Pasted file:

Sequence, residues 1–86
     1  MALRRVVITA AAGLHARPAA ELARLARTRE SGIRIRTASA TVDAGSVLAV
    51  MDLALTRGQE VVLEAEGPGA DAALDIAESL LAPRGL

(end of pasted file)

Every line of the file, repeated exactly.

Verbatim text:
Sequence, residues 1–86
     1  MALRRVVITA AAGLHARPAA ELARLARTRE SGIRIRTASA TVDAGSVLAV
    51  MDLALTRGQE VVLEAEGPGA DAALDIAESL LAPRGL